On Sunday, at least 45 people were killed and dozens wounded in a double suicide bombing near a Shiite shrine south of Damascus, state media reported. ISIS-affiliated social media accounts circulated a statement from the group taking responsibility, the Guardian reports.
“Two soldiers of the caliphate carried out martyrdom operations in a den of the infidels in the Sayyida Zeinab area, killing nearly 50 and injuring around 120,” the statement read.
According to the New York Times, Hezbollah and other Shiite militias allied with the Syrian government control the area targeted by the bombing. (The Sayyida Zeinab shrine is used as a recruitment tool.) Syrians displaced from the country’s north have also been housed in the area.
Staffan de Mistura, the UN envoy for Syria, paid a “courtesy call” to opposition negotiators on Sunday, who insisted they will not enter into negotiations of any kind until the implementation of a UN security council resolution demanding that all parties allow aid access, release detainees, end sieges and stop targeting civilian areas.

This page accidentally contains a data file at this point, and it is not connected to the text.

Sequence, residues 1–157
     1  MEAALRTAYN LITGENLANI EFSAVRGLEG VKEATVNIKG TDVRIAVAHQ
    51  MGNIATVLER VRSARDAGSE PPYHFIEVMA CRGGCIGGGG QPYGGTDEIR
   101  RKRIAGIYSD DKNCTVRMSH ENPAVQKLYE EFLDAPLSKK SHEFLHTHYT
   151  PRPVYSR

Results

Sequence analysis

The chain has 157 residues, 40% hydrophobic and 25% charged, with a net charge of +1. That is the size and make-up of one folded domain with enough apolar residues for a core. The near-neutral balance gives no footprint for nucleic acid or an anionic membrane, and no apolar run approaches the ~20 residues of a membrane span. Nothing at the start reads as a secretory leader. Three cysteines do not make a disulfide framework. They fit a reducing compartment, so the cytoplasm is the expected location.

De Mistura is to meet each delegation separately on Monday for what the UN calls “proximity talks” and then shuttle between them, since there is not enough common ground between them to meet without immediate collapse. Last time talks were held in Geneva, two years ago, the Syrian parties exchanged insults and the negotiations broke up without result. It will clearly be a difficult process.
“While battlefield dynamics can affect negotiating leverage, in the end there is no military solution to this conflict,” Secretary of State John Kerry said in a video statement, streamed from Washington, D.C.
“Without negotiations, the bloodshed will drag on until the last city is reduced to rubble and virtually every home, every form of infrastructure, and every semblance of civilization is destroyed,” he said. “And that will ensure an increased number of terrorists created by, and attracted to, this fight. This conflict could easily engulf the region if left to spiral completely out of control.”
De Mistura, the U.N. envoy and mediator, plans six months of talks, the Guardian reports. In the past five years, more than 250,000 Syrians have been killed and more than 10 million displaced.